With glowing testimonials from honorary surgeons Aitken Walker and Gordon Bohn, he became honorary assistant surgeon in December 1947, one of the last appointments to the voluntary hospital staff before the arrival of the NHS. Aitken Walker, the senior surgeon, suggested they all have a specialty. Walker chose thyroid and sympathectomy for himself, Bohn was given gall bladder and stomach, Robert Reid the colon and rectum. Latto had done some urology at Liverpool and therefore got urology. He took up the challenge with characteristic enthusiasm. Now a consultant in the NHS, he visited Terrence Millin and Alec Badenoch at St Bartholomew’s and St Peter’s hospitals to bring Reading up to date with the latest in the specialty. In 1961, sponsored by Badenoch and Sir James Paterson Ross (Sir James’s son Harvey was at that time Latto’s surgical registrar), he undertook a two-month study tour in the USA of the major centres for urology and general surgery.
Latto was an excellent general surgeon who became a skilled urologist. He served on the council of the urology section of the Royal Society of Medicine and was an important influence in establishing the specialty in the Oxford region. In 1961 he jointly founded, with Joe Smith, the Oxford Regional Urology Club. His endoscopic and surgical skills, together with the length of his operating lists, were legendary. In the 1970s he assisted the GU Manufacturing Company in testing their prototype rod lens urology instruments. Harold Hopkins of the University of Reading, who had developed the rod lens and fibre-optic systems used in endoscopy, became both a patient and a very good friend. Another close friend was Denis Burkitt, whom he met when they were together at Poole. They were both Christian vegetarians: Latto became a member of the Order of the Cross and was president of VEGA (Vegetarian Economy and Green Agriculture). The two friends’ common interest in the effects of dietary fibre led to combined study and lecture tours in Africa, India, the Persian Gulf and behind the Iron Curtain. In 1971 Latto crusaded successfully for the introduction of dietary bran in Reading hospitals. He was a leading figure in British Association of Urological Surgeons (BAUS), at whose urging the College offered him the FRCS ad eundem in 1977.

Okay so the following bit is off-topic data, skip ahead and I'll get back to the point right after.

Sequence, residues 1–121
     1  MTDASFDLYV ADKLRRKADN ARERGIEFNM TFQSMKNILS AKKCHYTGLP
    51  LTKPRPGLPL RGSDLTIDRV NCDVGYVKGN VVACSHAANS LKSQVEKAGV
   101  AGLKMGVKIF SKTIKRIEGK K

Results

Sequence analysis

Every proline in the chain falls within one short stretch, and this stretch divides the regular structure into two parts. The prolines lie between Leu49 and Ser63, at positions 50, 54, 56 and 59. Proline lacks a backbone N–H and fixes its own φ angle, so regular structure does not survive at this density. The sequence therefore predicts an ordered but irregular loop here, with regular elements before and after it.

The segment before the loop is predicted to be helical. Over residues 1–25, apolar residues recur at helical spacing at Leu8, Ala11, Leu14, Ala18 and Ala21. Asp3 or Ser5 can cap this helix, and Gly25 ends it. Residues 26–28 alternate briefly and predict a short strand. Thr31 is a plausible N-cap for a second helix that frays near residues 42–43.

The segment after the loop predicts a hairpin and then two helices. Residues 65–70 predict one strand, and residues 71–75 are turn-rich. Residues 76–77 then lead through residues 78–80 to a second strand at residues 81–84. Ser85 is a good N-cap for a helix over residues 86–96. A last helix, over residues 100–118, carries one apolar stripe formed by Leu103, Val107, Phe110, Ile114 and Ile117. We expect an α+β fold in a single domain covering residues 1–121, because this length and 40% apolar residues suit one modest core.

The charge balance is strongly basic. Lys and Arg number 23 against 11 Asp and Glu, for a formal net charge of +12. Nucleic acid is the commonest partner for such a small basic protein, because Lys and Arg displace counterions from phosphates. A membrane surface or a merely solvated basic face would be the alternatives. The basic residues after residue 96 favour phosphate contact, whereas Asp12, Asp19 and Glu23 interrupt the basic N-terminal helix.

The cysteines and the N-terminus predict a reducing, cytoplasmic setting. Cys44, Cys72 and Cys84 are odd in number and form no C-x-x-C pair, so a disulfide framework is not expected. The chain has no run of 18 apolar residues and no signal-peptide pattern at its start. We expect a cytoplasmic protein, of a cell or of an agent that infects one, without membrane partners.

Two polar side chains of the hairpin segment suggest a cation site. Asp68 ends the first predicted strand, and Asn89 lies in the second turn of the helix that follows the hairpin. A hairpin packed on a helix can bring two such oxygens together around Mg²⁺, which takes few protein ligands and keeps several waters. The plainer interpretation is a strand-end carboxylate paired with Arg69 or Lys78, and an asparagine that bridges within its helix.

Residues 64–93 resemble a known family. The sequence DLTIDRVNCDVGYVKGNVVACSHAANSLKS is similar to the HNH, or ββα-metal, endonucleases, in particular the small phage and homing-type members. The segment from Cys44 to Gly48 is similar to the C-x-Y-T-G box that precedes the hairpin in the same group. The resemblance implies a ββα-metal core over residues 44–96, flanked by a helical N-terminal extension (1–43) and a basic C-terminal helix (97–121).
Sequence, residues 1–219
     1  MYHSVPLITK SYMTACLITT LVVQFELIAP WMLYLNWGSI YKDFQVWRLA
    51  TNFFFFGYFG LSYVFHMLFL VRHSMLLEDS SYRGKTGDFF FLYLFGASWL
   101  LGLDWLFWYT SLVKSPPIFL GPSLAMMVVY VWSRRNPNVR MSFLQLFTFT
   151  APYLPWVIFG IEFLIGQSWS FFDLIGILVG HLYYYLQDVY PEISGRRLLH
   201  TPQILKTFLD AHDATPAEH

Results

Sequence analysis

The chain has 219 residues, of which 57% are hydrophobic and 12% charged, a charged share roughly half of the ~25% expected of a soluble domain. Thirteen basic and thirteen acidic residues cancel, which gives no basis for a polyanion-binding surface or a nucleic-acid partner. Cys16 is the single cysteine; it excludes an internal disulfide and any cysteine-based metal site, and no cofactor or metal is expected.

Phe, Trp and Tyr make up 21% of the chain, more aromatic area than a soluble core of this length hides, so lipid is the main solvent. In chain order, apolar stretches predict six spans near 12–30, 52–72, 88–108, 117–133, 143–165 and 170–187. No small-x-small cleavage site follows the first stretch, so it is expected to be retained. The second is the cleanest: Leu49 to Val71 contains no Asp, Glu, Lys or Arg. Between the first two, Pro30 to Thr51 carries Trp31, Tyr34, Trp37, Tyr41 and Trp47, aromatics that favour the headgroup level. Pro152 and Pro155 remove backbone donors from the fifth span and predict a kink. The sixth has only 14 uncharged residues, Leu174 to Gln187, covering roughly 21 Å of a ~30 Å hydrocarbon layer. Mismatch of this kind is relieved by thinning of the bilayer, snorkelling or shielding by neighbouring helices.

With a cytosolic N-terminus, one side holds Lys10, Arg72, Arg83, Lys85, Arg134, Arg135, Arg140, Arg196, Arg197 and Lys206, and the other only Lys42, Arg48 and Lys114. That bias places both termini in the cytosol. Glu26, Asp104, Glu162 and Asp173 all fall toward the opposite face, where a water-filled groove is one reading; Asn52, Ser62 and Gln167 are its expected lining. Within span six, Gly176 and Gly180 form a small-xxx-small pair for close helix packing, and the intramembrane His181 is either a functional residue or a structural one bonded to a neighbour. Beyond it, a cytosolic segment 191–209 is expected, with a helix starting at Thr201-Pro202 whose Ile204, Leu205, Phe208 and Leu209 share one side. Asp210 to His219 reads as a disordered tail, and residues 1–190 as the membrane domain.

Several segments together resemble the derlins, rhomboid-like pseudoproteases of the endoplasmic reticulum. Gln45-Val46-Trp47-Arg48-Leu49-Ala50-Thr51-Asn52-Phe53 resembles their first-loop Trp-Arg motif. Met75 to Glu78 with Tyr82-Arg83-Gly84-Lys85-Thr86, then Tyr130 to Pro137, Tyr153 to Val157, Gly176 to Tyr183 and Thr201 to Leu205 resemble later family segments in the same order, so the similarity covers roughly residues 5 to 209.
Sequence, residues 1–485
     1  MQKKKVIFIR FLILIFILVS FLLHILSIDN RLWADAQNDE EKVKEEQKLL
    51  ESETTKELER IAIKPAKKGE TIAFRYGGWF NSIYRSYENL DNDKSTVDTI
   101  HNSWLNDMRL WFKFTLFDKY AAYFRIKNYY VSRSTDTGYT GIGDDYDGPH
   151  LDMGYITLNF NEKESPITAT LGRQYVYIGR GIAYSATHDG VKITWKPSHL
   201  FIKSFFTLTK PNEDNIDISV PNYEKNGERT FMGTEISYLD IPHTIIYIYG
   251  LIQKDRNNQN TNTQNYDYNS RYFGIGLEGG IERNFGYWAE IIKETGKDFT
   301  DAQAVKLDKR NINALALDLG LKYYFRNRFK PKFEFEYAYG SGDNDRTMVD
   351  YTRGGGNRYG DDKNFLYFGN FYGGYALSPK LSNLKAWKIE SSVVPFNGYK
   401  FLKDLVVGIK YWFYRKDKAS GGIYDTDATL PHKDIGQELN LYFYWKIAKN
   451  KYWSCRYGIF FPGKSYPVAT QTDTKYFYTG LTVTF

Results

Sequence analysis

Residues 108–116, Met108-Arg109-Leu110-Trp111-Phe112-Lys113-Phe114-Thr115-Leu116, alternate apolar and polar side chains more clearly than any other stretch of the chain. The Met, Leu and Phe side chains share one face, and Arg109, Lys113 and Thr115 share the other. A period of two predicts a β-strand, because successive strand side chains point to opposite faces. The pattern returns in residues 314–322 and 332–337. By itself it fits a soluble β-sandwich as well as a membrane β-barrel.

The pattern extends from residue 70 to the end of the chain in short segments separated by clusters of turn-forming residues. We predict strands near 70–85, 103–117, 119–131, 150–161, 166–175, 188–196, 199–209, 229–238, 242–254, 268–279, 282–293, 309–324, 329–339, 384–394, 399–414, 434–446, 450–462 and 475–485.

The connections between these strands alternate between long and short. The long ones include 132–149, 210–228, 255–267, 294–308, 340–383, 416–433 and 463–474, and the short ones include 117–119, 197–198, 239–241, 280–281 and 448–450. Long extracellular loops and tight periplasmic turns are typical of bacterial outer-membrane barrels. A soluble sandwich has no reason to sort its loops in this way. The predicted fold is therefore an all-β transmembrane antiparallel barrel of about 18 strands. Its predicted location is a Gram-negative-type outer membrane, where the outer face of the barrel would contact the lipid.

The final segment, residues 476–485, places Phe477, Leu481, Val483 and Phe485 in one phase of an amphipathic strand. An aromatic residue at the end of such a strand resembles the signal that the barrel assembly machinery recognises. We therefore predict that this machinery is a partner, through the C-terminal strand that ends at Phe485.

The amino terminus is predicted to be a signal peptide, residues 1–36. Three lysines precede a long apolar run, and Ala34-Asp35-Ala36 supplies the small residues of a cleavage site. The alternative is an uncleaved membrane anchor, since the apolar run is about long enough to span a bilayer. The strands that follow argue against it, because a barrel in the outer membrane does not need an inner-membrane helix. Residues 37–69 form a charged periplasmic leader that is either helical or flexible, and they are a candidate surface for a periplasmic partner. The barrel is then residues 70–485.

A tall, imposing figure with a shock of silver-grey hair, Conrad Latto had an enormous influence on the Royal Berks and on the medical and nursing staff in training. Although teetotal as well as vegetarian, he was the very opposite of the dour Scot. He never preached his beliefs (other than the importance of fibre). He published few papers, but was a passionate teacher, speaking eloquently and amusingly in a delightful soft Scottish accent.
When in 1980 he had to retire from his beloved hospital, he took over the general practice in Caversham of his sister-in-law Monica Latto. He attended refresher courses and out-patient teaching sessions to update his knowledge and for seven years was a highly respected and much loved GP. In final retirement, he remained an active member of the local medical society, the Reading Pathological Society, of which he had been arguably its most effective post-war president. He died at his Caversham home on 6 July 2008, leaving a wife Anne, daughters Rosalind and Sharon, and five grandchildren.
The Royal College of Surgeons of England
Created: 14 November 2008